Writer's Guide to Government Information

Resources to inject real life detail into your fiction

Archive for the tag “other solar system bodies”

NASA missions, past, present and planned

NASA missions, past, present and planned – http://www.nasa.gov/missions/index.html

Representative questions that can be answered with this resource:

  • What was the purpose of NASA’s Gravity Probe B?
  • When was the last transmission from Pioneer 10?
  • What are the current locations of Voyagers 1 and 2?
  • Where did the Mars Viking Lander land?


Like the page says, links to mission factsheets and/or websites (when available). Available information varies widely by mission. Some missions will have multimedia.

Probably most useful in stories set in the era of the mission, or in the far future when the aging spacecraft gets recovered by a starship.

Astrogeology (USGS)

Astrogeology (USGS) – http://astrogeology.usgs.gov

Representative questions that can be answered with this resource:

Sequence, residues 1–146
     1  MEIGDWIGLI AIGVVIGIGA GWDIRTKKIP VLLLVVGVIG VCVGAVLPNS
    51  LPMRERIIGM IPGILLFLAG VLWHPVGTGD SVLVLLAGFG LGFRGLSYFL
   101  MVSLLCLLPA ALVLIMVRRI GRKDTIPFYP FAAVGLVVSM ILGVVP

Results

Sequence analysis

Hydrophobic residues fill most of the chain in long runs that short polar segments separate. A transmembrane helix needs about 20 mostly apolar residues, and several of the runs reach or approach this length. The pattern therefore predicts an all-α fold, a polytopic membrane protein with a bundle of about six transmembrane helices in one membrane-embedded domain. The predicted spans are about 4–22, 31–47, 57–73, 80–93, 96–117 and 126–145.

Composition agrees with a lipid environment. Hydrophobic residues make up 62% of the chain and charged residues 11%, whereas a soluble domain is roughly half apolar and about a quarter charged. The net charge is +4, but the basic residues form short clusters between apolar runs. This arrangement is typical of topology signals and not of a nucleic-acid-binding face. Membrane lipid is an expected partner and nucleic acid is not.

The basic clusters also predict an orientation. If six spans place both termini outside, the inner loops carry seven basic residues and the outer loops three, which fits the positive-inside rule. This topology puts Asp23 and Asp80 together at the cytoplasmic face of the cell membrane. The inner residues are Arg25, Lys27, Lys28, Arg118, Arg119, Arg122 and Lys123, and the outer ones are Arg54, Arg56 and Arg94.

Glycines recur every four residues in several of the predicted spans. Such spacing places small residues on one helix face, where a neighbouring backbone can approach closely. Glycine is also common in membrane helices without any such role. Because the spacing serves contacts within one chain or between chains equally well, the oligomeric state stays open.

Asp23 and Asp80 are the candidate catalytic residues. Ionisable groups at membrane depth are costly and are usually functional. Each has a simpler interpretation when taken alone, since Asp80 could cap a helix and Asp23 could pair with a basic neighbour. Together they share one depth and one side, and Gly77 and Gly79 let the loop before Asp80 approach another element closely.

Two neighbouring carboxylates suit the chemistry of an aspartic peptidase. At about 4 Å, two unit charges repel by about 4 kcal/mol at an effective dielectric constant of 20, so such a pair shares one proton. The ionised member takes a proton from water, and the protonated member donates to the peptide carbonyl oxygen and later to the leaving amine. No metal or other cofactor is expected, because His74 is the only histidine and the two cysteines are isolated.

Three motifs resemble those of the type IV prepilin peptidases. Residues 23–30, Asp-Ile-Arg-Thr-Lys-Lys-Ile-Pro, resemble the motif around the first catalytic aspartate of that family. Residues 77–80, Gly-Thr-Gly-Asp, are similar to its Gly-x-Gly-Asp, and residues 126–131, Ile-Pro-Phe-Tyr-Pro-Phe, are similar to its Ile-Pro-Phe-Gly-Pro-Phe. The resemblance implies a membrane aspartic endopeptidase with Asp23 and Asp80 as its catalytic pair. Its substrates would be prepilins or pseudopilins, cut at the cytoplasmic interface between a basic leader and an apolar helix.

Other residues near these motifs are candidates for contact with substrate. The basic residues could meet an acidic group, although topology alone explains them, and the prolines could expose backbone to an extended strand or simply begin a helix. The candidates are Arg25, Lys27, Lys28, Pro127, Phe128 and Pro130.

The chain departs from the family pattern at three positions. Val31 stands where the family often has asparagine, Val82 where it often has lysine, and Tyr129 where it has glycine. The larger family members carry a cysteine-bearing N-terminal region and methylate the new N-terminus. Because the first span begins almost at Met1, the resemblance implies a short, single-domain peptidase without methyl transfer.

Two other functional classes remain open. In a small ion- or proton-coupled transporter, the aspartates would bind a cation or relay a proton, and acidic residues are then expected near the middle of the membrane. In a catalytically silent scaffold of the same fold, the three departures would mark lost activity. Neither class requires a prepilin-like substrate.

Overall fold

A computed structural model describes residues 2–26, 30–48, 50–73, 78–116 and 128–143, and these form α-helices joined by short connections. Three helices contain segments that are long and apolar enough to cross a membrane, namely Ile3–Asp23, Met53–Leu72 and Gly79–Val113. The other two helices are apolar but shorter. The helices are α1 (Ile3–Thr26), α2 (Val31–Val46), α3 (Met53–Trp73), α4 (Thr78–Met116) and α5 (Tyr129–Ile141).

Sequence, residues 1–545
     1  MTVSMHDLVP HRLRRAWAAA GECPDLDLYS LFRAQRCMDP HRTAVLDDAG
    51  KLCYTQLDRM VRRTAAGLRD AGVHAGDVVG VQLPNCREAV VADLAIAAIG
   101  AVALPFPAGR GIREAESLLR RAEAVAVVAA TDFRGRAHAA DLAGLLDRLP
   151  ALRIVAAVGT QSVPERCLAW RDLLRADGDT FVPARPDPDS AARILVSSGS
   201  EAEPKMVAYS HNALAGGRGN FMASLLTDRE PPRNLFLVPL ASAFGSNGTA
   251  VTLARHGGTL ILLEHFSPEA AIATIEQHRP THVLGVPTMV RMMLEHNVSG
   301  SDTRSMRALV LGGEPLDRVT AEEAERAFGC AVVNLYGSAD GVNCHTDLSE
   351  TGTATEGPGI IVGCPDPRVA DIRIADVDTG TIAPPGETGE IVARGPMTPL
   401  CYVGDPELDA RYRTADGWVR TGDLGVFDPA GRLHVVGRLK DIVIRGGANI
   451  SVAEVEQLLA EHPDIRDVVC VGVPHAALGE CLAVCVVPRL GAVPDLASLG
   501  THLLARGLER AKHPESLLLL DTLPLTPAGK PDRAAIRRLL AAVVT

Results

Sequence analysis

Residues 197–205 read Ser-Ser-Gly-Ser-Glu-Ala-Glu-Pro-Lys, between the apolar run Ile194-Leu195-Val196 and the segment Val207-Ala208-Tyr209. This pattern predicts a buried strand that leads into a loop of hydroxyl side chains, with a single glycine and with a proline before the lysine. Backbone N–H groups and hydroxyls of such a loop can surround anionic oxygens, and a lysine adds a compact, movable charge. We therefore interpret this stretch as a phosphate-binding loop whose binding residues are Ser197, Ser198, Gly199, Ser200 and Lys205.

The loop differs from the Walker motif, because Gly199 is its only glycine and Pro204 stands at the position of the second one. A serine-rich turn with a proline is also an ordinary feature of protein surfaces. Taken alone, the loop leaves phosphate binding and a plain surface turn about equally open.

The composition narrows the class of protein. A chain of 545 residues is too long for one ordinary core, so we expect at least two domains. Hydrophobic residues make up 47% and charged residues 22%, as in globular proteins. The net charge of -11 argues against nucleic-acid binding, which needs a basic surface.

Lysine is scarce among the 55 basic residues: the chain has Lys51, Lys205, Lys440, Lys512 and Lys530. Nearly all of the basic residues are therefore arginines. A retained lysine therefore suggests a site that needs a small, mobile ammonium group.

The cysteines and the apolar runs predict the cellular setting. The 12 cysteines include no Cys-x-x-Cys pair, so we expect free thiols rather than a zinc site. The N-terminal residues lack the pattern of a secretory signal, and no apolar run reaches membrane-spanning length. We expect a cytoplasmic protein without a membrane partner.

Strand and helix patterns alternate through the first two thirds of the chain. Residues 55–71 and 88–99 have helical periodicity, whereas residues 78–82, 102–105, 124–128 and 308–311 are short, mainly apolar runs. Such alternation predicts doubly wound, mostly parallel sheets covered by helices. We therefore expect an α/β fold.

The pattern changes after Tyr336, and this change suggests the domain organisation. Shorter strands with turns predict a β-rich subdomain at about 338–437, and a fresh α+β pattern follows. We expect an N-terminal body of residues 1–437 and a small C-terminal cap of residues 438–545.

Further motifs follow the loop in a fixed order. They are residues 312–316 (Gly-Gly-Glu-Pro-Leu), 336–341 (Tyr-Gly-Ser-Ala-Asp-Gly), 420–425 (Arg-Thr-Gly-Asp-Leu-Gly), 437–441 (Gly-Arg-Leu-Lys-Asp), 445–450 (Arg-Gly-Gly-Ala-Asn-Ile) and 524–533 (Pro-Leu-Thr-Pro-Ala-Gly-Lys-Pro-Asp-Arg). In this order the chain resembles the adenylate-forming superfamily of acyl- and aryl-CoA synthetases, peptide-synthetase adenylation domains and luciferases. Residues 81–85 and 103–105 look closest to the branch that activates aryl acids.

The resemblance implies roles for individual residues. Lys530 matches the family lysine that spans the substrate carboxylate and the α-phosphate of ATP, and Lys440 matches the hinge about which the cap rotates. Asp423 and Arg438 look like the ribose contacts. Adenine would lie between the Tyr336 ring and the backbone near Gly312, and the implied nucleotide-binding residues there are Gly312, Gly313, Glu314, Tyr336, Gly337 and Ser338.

• What was the path taken by Apollo 14 on the lunar surface?
  • Where can I find a detailed map of Mercury?
  • Where can I get a paper globe of Europa?
  • Where can I find a dataset for the Mars Science Laboratory: Landing Site Selection?


While the whole of the astrogeology site will be interesting to amateur astronomers, writers will probably make the most use of the maps section at http://astrogeology.usgs.gov/maps. There are maps and in some cases globes of Callisto, Europa, Ganymede, Io, Mars, Mercury, The Moon, Dione, Enceladus, Mimas, Rhea, and Tethys.

Among the Moon maps are “transverse maps” of several of the Apollo missions, which show where the astronauts went and what they did. Mineralogical and geological maps for the Moon are available as well.
The maps menu at the top of the screen has several more options, including the Gazetteer of Planetary Nomenclature (The official source for named craters and other features on moons and planets) and Pilot – Planetary Image Locator Tool (Quick access to images of dozens of solar system bodies.

If you decide you’d like to use some of these maps or alter them to show your colonies, go right ahead. As the website itself says, “Images, maps, data, and information authored or produced by the USGS Astrogeology Science Center are in the public domain.”

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